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UK Govt. sets out goals for a sustainable food industry

by the Fish Site Editor
26 April 2006, at 1:00am

UK - A strategy to tackle the impact of the food industry on precious resources, such as energy and water, and its contribution to climate change, was published by Margaret Beckett, Secretary of State for Environment, Food and Rural Affairs, today.

UK Govt. sets out goals for a sustainable food industry - UK - A strategy to tackle the impact of the food industry on precious resources, such as energy and water, and its contribution to climate change, was published by Margaret Beckett, Secretary of State for Environment, Food and Rural Affairs, today.

The Food Industry Sustainability Strategy has been developed in partnership with the food and drink industry and others. It aims to improve the industry's environmental, social and economic performance, by developing a strong partnership between government and industry. It addresses all sectors of the food industry, beyond the farm gate to the consumer's plate.

The strategy's ambitions are for the industry as a whole to:

  • reduce its carbon emissions by 20% by 2010 against a 1990 baseline;
  • reduce water use by 10-15% by 2010 and by 20-25% in the South East of England;
  • significantly reduce the environmental and social costs of its domestic food transportation by 2012; and
  • the food manufacturing sector to reduce its food waste by 15-20% by 2010.
Mrs Beckett said:

As an industry the food sector has a significant role to play in achieving a sustainable future for this country .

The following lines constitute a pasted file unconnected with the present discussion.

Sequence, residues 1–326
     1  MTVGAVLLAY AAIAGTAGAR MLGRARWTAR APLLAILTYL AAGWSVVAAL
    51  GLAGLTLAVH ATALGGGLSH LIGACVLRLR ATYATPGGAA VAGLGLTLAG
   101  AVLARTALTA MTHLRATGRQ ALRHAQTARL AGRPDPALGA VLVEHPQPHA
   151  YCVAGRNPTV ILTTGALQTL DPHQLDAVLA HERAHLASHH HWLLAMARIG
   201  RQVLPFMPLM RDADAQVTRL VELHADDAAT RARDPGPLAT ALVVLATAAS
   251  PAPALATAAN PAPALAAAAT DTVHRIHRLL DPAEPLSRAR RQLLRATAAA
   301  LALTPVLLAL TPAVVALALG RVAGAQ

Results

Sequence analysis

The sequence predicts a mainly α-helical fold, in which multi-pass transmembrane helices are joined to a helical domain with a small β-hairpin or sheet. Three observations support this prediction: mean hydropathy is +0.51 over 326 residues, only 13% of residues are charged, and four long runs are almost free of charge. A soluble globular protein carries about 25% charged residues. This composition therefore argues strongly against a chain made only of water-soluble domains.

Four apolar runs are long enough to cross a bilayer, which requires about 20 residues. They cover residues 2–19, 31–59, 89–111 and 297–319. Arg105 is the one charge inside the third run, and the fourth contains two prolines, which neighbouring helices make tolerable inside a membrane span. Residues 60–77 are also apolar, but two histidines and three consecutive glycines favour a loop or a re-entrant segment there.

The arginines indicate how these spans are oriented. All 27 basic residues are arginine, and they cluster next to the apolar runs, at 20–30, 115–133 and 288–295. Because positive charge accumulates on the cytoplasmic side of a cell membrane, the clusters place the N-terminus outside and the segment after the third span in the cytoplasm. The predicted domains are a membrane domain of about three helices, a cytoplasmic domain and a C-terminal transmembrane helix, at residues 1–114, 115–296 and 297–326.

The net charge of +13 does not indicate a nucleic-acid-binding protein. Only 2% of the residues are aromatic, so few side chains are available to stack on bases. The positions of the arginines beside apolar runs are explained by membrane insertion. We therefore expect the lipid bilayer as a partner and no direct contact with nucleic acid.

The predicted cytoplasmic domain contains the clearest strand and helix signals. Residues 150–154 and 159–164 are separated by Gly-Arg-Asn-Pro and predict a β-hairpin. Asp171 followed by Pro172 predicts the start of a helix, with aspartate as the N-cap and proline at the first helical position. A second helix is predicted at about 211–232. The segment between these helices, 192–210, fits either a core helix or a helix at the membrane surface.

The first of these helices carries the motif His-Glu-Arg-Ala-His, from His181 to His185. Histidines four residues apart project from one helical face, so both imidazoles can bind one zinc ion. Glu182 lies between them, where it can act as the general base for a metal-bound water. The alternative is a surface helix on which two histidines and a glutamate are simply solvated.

There are many ways this can be done whether it is by minimising packaging, making food transportation more efficient or reducing the amount of water the industry uses in its processes..

Rising energy and water prices, not to mention the increasingly self-evident consequences of climate change, are timely reminders of the need for action.

Sustainability requires behavioural changes, in particular the widespread adoption of best practice. We all have a role to play in meeting the challenge of sustainability.

The Strategy will provide a framework for the food and drink sector to play its part by making sustainability its goal. It must be viewed as the beginning of a process - not the end.

Closer working between industry and Government best practice programmes, such as the Carbon Trust, Envirowise and the Waste Resources Action Programme, will underpin the strategy. E ach programme has previously been provided with increased funding, including through the Business Resource Efficiency Waste (BREW) programme, to enable them to support the growing demand for their services.

Industry-led Champions' Groups will help to take forward work on: energy; water; waste; food transportation; corporate social responsibility; and ethical trading and a Programme Board will be established under Lord Bach, Minister for Sustainable Farming and Food, to oversee the Strategy's implementation.

The Strategy also aims to drive up performance in the areas of ethical trading, health and safety and equal opportunities - as well as science and innovation, workforce skills and the sector's efforts to reduce retail crime. Priorities include:
  • doubling the amount or percentage of food in supermarkets covered by ethical trading schemes by 2008;
  • halving the level of under-representation of women and ethnic minorities in skilled and administrative and managerial grades in the industry by 2010, benchmarked against their representation in the labour force;
  • cutting all deaths and serious injuries per thousand workers in the food and drink industry by 10% by 2010;
  • reducing by 40% the number of adult workers in the food retail and manufacturing sectors who lack qualifications at NVQ level 2 and above by 2010 against a 2003 baseline; and
  • helping to improve the nation's nutrition and health, as set out in the 2004 Public Health White Paper;
  • helping to reduce food borne illness, as set out in the FSA's 2005-2010 Strategic Plan.
A Food Industry Better Regulation Group will act as a high level forum through which industry and Government can work to improve the quality of regulation and enforcement impacting upon the food industry.

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